St Nicholas, Swafield, Norfolk
I was heading back towards North Walsham to catch the train, but could not resist stopping at this church of which I had fond memories from my previous visit some eight years earlier. St Nicholas has a rather commanding position on the slope up to the coast, its village to the south in the valley below. The nave and chancel appear to be a late medieval rebuilding – there must have been a lot of money around here between the Black Death and the Reformation. However, the south doorway looks 14th century, so perhaps this is an early Perpendicular building. The south side is attractive, despite the uniformity of the windows. They are so big they make almost a wall of glass in the nave. Interestingly, this side is so like St Andrew at Hempstead, some six miles away, that they must have been done to the same plan, perhaps even by the same mason – the tracery is almost identical, and the windows even have the same headstops, which Mortlock thought might be seahorses. They look more like dragons to me.
The north side is rather bleaker, but the elegant 14th century tower and and thatched roof make up for a lot. That the tower was not rebuilt can be confirmed inside, where the roofline of the earlier church can still be made out on the west wall of the nave. As with the outside, there is a uniformity to the inside, the result of the whole place being built in one go, and then being given a fairly middle-brow restoration by the Victorians; an anonymous spread of tiles and polished woodwork. But there are some fascinating medieval survivals here, a couple of them very unusual indeed. Before the curiosa, the screen: it is contemporary with the building. The dado survives, and the Saints on it are well-reserved, if a little over-restored on the north side.
There are eight of them, and they are arranged in appropriate pairs. On the north side are, firstly, St Andrew with his saltire cross and St Peter carrying the heavenly city and his keys, and then St Simon holding a fishing boat, with St Jude grasping a gloomy looking fish. On the south side are St James, carrying his pilgrim staff and purse, and a rather cheery St John the Divine with his poisoned chalice; and then finally St Thomas carries the spear that pierced the body of Christ, with St James the Less and a fullers club, the instrument of his martyrdom. The heads of the first two look like Victorian repaintings to my uneducated eye, possibly all of the Saints on the north side. But the south side Saints are good.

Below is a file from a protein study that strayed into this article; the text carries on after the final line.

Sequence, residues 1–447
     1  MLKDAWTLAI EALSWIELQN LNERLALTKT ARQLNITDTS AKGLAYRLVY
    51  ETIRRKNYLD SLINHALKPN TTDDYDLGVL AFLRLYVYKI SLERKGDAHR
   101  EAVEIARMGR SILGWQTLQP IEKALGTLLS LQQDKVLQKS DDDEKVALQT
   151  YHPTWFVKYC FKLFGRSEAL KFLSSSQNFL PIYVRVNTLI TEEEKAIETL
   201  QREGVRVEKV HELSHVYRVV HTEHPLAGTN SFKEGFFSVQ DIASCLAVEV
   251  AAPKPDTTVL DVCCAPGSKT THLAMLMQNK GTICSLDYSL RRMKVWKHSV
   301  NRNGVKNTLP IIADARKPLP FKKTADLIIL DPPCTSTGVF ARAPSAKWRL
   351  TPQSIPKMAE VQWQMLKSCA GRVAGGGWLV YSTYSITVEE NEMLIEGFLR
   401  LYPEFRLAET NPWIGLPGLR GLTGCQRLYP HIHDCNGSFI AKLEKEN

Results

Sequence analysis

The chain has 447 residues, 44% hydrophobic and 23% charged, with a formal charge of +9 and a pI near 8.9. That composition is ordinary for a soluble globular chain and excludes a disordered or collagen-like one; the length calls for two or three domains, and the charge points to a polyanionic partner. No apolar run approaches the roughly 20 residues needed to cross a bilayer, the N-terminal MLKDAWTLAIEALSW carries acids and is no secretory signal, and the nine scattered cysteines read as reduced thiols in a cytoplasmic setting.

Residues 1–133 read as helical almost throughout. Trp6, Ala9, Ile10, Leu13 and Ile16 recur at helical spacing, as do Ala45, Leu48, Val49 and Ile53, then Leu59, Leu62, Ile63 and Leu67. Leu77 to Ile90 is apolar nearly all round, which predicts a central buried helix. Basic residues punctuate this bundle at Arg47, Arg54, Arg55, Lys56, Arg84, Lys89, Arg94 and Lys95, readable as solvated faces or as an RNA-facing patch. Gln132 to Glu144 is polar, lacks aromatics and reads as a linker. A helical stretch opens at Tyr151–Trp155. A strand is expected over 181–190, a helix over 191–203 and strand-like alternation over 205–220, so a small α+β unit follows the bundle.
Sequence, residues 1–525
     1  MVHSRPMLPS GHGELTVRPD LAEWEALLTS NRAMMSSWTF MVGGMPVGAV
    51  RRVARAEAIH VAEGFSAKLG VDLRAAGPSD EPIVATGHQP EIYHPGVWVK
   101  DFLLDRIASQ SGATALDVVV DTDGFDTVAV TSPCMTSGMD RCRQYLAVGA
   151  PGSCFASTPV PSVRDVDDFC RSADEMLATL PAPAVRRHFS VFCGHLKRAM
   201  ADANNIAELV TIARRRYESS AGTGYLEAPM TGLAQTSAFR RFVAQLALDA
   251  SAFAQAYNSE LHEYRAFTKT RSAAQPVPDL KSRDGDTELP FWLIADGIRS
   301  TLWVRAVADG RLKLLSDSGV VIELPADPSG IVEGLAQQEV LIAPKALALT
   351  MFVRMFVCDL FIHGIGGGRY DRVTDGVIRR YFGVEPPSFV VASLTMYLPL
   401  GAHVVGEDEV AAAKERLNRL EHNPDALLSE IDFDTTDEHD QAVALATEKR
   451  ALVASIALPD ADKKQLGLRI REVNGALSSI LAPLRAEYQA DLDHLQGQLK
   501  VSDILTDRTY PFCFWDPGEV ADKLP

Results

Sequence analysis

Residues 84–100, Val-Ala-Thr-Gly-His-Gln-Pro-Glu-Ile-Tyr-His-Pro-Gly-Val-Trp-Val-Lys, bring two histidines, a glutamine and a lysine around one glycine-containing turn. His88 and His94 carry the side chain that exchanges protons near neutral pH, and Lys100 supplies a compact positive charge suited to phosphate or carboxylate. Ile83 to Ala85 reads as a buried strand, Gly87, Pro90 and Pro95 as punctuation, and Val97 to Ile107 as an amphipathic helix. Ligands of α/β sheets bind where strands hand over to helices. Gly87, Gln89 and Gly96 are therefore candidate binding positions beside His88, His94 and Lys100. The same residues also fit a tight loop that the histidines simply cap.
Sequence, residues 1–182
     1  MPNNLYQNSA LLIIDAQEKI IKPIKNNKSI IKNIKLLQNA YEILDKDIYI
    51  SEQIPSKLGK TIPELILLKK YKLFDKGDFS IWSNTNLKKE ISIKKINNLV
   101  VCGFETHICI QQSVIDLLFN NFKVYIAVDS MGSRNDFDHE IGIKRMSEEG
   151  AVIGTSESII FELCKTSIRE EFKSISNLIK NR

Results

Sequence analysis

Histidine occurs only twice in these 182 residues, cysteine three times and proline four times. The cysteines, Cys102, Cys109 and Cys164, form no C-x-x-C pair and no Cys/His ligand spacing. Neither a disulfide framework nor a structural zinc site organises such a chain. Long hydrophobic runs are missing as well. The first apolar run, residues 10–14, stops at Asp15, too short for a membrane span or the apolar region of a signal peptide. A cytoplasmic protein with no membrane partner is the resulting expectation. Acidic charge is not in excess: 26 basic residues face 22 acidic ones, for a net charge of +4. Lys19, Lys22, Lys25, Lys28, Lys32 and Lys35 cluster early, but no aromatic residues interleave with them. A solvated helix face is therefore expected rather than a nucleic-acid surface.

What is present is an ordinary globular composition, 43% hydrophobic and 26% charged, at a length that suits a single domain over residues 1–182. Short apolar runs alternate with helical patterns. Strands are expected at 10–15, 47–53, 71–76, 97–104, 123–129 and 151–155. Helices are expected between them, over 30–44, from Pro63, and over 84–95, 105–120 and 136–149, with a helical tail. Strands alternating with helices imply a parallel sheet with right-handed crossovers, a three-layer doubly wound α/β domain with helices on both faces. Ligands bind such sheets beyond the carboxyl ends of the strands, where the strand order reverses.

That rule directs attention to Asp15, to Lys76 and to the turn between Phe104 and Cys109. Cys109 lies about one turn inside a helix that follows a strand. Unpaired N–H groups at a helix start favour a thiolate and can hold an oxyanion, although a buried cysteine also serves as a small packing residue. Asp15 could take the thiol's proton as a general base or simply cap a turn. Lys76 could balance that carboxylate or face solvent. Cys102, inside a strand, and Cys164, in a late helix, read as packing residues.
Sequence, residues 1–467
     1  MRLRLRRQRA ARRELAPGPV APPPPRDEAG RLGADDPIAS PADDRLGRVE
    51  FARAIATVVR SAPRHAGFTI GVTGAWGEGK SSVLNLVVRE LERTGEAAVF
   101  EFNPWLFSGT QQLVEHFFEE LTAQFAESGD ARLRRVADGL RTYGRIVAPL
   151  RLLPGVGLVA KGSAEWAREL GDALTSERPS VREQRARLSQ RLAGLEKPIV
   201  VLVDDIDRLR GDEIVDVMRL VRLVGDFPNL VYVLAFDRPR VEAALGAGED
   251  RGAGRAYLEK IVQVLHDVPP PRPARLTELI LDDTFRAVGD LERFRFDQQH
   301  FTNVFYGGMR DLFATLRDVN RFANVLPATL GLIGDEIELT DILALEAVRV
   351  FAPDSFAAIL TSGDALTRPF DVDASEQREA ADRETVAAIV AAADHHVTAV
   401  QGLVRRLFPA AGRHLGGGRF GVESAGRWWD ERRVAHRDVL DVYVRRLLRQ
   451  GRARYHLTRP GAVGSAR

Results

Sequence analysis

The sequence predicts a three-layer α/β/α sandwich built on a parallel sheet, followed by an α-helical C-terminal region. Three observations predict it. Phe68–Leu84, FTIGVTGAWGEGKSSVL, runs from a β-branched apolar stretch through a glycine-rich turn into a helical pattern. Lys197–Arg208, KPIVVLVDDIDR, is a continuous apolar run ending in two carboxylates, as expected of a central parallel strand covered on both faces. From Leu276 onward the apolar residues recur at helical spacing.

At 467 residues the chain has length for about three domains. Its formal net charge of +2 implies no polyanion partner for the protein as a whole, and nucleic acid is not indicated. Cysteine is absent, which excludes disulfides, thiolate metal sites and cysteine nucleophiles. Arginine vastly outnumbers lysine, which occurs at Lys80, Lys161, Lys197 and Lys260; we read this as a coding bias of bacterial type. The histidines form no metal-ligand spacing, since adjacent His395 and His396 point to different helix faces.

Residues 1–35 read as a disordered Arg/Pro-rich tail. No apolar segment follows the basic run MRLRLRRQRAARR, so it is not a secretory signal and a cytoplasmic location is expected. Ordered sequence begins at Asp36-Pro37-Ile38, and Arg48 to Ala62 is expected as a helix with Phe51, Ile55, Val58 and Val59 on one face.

This is a good screen, and is worth coming to see alone. But there are, as I say, a couple of other survivals here that make it doubly worthwhile. If you look up at the roof, contemporary with the building, you will see first of all how wide it is, and then you will notice what appear to be bosses. Some of them feature Tudor roses, another a lion, but others have faces on them. One face is obviously Christ, with the five pointed beard (to represent his wounds). Another face is surrounded by what must be a crown of thorns, in the rope style familar from the 15th century. A third face is surrounded by rays, and probably represents Christ in glory, but it looks so like popular images of Elizabeth I, bald in her ruff, that it is quite disturbing. Obviously, it cannot be her; the roof is too early, and in any case she was busy having people hung drawn and quartered for displaying Catholic imagery like this. Another face may well be that of the patron who paid for the rebuilding. I say that they look like bosses, and they probably are… except, except. I couldn’t help noticing that the tracery, which presumably was circular, had been broken down so that it only remained on two sides, and it looked rather to me as if they had originally been part of wall tracery plates, perhaps put in their current position by Victorians. But without a closer look it is impossible to say for certain.
There are a couple of good early 20th century features – the excellent window featuring St Cecilia, St Nicholas and Christ the Good Shepherd must have been to commemorate someone to do with the choir; St Cecilia is the patron Saint of music, and St Nicholas of choirboys. The art nouveau lectern is superb, and provides a nice foil to the screen. I don’t normally mention furniture, but the lectern is sensibly chained to the floor, and cannot be removed.
Best of all, on the north wall there is a rather pathetic little crucifix. It was found in pieces over several days in March 1937 on the beach at Walcott, after storms had eroded the cliffs there. It had obviously been buried, and although it looks Victorian it would be romantic to think that it was hidden at the time of the Reformation by locals, before the Anglican reformers came and stole it from them. The saving remnant. Queen Elizabeth was fond of crucifixes herself, having one in her royal chapel. But the common people preserving one? She would have had a fit.
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